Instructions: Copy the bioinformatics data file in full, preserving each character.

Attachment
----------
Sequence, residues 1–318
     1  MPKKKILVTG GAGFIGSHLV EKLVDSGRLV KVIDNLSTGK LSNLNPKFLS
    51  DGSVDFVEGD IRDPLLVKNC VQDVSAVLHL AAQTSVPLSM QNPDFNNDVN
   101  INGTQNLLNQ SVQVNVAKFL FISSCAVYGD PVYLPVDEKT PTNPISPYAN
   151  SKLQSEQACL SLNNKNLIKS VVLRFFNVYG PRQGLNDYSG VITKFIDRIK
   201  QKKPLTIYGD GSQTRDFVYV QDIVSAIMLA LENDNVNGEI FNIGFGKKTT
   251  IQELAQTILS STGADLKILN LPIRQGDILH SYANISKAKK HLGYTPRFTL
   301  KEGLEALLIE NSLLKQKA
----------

Sequence, residues 1–318
     1  MPKKKILVTG GAGFIGSHLV EKLVDSGRLV KVIDNLSTGK LSNLNPKFLS
    51  DGSVDFVEGD IRDPLLVKNC VQDVSAVLHL AAQTSVPLSM QNPDFNNDVN
   101  INGTQNLLNQ SVQVNVAKFL FISSCAVYGD PVYLPVDEKT PTNPISPYAN
   151  SKLQSEQACL SLNNKNLIKS VVLRFFNVYG PRQGLNDYSG VITKFIDRIK
   201  QKKPLTIYGD GSQTRDFVYV QDIVSAIMLA LENDNVNGEI FNIGFGKKTT
   251  IQELAQTILS STGADLKILN LPIRQGDILH SYANISKAKK HLGYTPRFTL
   301  KEGLEALLIE NSLLKQKA